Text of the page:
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18-m Tetsujin 28/Gigantor Monument Officially Opened

posted on 2009-10-04 12:13 EDT
Voice actor of robot's inventor leads ceremony with remote control

To celebrate its revival after the 1995 earthquake, the city of Kobe held the ribbon-cutting ceremony for the "life-size" statue of Mitsuteru Yokoyama's Tetsujin 28-gō (Ironman 28 or Gigantor) robot on Sunday. Minoru Yada, the 78-year-old voice actor of Tetsujin 28's fictional inventor Dr. Shikishima, led the the 28 people who cut the ribbon by yelling out "Tetsujin-28-gō!" Yada was holding a mockup of the trademark remote control that the manga and anime's hero, schoolboy Shoutarou Kaneda (Jimmy Sparks), carried to control the robot.

MBS News, Jiji Press, and The Kobe Shimbun all posted video reports from the ceremony.

The monument stands at Wakamatsu Park in Nagata Ward, which was the ward hardest hit by the 1995 temblor. The statue celebrates the life of one of Kobe's most well-known native sons; Yokoyama not only created the Tetsujin 28 manga, anime, and live-action film, but also Giant Robo and Sally the Witch. The Kobe Tetsujin Project raised 135 million yen (US$1.40 million), partly through the city's investment of 45 million yen (US$470,000) and through sales of "Tetsujin Curry."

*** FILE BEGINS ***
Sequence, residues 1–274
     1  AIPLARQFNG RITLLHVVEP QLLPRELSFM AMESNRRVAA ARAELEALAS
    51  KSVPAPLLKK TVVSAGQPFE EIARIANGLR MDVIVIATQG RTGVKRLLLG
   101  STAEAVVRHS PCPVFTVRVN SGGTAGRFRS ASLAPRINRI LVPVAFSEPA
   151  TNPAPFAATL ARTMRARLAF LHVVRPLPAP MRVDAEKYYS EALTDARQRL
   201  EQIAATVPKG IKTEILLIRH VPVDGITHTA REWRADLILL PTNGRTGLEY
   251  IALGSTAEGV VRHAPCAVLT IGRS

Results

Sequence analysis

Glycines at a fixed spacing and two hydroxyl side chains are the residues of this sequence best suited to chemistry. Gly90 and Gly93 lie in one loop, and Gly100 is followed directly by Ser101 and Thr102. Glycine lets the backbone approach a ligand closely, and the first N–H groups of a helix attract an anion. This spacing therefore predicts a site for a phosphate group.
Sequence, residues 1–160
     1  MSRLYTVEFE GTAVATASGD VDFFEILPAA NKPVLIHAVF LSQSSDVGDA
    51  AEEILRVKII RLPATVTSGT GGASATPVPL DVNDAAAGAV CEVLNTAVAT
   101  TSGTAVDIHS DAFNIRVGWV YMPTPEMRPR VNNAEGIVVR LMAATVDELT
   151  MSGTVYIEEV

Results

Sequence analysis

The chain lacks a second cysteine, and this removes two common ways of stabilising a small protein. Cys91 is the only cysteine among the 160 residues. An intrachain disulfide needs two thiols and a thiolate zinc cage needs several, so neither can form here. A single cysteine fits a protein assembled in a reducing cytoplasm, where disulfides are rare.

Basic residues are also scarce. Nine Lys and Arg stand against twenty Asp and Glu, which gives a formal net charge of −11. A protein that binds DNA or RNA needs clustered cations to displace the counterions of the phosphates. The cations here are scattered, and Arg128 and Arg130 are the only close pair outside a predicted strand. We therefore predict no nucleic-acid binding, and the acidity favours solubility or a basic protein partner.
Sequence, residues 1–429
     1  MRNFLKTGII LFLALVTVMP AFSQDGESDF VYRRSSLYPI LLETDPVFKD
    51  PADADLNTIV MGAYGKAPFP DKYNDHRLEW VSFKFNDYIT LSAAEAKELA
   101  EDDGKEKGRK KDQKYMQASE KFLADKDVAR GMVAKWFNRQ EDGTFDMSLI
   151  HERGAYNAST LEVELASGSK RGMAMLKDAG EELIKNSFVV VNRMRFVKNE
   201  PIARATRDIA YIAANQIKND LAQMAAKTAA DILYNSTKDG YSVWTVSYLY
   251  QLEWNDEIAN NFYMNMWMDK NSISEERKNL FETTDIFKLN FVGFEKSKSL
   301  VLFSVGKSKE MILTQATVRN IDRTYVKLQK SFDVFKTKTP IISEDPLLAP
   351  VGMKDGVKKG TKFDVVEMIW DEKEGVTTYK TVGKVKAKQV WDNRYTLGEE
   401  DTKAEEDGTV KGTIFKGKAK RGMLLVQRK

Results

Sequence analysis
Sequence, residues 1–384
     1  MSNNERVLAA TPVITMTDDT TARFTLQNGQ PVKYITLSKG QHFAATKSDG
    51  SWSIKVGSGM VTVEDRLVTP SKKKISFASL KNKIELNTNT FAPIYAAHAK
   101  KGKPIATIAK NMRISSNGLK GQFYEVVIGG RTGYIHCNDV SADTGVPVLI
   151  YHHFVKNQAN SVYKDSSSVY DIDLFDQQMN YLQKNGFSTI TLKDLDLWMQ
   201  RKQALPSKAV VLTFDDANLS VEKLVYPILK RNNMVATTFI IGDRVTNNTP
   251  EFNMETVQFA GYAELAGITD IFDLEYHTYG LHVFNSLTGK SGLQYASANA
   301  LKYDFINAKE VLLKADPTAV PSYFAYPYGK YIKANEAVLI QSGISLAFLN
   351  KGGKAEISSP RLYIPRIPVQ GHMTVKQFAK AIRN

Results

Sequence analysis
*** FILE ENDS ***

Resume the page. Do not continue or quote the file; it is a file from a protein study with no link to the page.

Since the 50-ton statue is not "standing" straight up, it is actually 15.3 meters (50.2 feet) high. It is roughly the same size as the "life-size" Gundam statue that was temporarily erected in Tokyo Bay's artificial Odaiba island this past summer. (After the Gundam statue was dissassembled, its head appeared at last month's Tokyo Game Show.) The Tetsujin 28 statue was initially scheduled to be completed in spring of 2008.

Source: Shizuoka Shimbun


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